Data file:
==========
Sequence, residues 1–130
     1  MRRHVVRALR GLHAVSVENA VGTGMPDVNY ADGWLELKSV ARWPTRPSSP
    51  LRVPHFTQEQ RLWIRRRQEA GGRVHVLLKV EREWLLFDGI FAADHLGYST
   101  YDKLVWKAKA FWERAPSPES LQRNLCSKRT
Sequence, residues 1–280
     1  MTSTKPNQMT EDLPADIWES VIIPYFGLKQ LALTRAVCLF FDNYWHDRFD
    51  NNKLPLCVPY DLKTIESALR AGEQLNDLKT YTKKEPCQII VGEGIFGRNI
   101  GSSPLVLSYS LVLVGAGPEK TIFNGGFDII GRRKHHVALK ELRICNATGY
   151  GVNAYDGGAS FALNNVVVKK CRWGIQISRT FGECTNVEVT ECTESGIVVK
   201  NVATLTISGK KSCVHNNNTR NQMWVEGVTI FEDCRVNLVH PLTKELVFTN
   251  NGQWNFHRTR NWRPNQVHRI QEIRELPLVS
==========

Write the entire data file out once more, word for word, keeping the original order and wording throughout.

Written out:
Sequence, residues 1–130
     1  MRRHVVRALR GLHAVSVENA VGTGMPDVNY ADGWLELKSV ARWPTRPSSP
    51  LRVPHFTQEQ RLWIRRRQEA GGRVHVLLKV EREWLLFDGI FAADHLGYST
   101  YDKLVWKAKA FWERAPSPES LQRNLCSKRT
Sequence, residues 1–280
     1  MTSTKPNQMT EDLPADIWES VIIPYFGLKQ LALTRAVCLF FDNYWHDRFD
    51  NNKLPLCVPY DLKTIESALR AGEQLNDLKT YTKKEPCQII VGEGIFGRNI
   101  GSSPLVLSYS LVLVGAGPEK TIFNGGFDII GRRKHHVALK ELRICNATGY
   151  GVNAYDGGAS FALNNVVVKK CRWGIQISRT FGECTNVEVT ECTESGIVVK
   201  NVATLTISGK KSCVHNNNTR NQMWVEGVTI FEDCRVNLVH PLTKELVFTN
   251  NGQWNFHRTR NWRPNQVHRI QEIRELPLVS